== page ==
07 Sep 2022

2

Portimao, Portugal

Located on the estuary of the Arade River, Portimao has made its living from fishing since pre-Romans times. Today a sprawling port and a major sardine-canning centre, the town is also a base for the construction industries generated by the tourist boom. Although summer is the busiest time of the year, the mild climate of the Algarve and many sunny winter days attract multinational tourists in all seasons, coming here to visit historical sites, playing golf, strolling along the river boulevard or exploring the many shopping opportunities. Stunning rock formations and warm seawaters make the beaches particularly alluring. The most beautiful on the entire coast is Praia da Rocha, the first one of several Algarve resort developments. Its wide expanse of sand is framed by jagged sea cliffs and the walls of an old fort that once protected the mouth of the Arade River. From Portimao, explorations can be made along the coast all the way to Cape St. Vincent, Europe's most westerly point, and inland to Lagos and Silves, once the residence and capital of the Moorish kings.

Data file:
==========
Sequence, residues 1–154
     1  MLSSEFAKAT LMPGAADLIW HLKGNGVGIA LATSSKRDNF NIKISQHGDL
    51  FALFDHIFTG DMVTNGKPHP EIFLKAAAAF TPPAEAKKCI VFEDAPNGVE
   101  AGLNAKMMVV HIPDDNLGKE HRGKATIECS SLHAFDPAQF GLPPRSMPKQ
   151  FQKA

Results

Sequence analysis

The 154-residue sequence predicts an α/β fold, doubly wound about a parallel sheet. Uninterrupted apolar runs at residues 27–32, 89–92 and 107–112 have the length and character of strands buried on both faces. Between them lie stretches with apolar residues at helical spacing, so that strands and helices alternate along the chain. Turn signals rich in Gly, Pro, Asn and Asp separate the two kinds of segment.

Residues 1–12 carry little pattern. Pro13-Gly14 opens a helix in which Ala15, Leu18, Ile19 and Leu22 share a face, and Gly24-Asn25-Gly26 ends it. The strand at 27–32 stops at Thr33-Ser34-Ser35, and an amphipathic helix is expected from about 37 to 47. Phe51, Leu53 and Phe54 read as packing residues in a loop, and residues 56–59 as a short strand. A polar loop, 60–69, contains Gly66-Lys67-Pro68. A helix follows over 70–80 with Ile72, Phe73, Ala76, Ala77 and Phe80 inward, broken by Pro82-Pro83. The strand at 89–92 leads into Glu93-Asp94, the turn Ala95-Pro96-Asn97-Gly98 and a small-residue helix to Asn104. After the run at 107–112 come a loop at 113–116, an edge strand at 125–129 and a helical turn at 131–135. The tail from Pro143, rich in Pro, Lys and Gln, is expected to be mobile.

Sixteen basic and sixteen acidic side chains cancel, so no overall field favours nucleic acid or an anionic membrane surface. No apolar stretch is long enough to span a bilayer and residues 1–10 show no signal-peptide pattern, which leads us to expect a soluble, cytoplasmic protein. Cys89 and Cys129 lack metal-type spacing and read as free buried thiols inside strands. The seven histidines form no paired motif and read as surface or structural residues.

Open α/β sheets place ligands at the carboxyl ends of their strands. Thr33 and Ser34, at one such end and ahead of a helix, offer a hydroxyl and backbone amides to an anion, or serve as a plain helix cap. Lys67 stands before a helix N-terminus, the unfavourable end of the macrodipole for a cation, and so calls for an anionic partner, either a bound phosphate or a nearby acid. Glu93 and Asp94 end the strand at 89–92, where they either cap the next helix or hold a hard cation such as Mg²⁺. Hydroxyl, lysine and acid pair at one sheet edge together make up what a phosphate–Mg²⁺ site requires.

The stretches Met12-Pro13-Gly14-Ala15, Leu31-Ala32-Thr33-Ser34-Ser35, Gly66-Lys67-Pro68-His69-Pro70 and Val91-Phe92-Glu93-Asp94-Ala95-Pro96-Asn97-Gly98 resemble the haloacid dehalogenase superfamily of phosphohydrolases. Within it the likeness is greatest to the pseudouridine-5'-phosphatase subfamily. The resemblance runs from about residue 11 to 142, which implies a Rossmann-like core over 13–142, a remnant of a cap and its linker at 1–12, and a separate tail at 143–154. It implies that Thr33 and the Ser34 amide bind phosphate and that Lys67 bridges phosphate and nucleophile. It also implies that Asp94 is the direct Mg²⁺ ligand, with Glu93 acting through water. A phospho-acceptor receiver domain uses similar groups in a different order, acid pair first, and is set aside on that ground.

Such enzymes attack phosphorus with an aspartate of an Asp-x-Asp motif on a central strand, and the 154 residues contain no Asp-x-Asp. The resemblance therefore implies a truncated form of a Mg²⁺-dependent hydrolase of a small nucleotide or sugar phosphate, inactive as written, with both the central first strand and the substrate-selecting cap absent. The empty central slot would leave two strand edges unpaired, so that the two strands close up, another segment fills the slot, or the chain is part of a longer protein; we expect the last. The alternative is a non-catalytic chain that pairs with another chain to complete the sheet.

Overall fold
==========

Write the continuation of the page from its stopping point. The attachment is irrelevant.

08 Sep 2022

3
4

Seville

Whether you pronounce it Seville or Sevilla, this gorgeous Spanish town is most certainly the stuff of dreams. Over 2,200 years old, Seville has a mutli-layered personality; home to Flamenco, high temperatures and three UNESCO-World Heritage Sites, there is a noble ancestry to the southern Spanish town. Not forgetting that it is the birthplace of painter Diego Velazquez, the resting place of Christopher Columbus, the inspiration for Bizet’s Carmen and a location for Game of Thrones filming, Seville is truly more than just a sum of its parts. View less This city is a full on experience, a beguiling labyrinth of centuries old streets, tiny tapas restaurants serving possibly the best dishes you’ll taste south of Madrid and a paradise of Mudejar architecture and tranquil palm trees and fountain-filled gardens.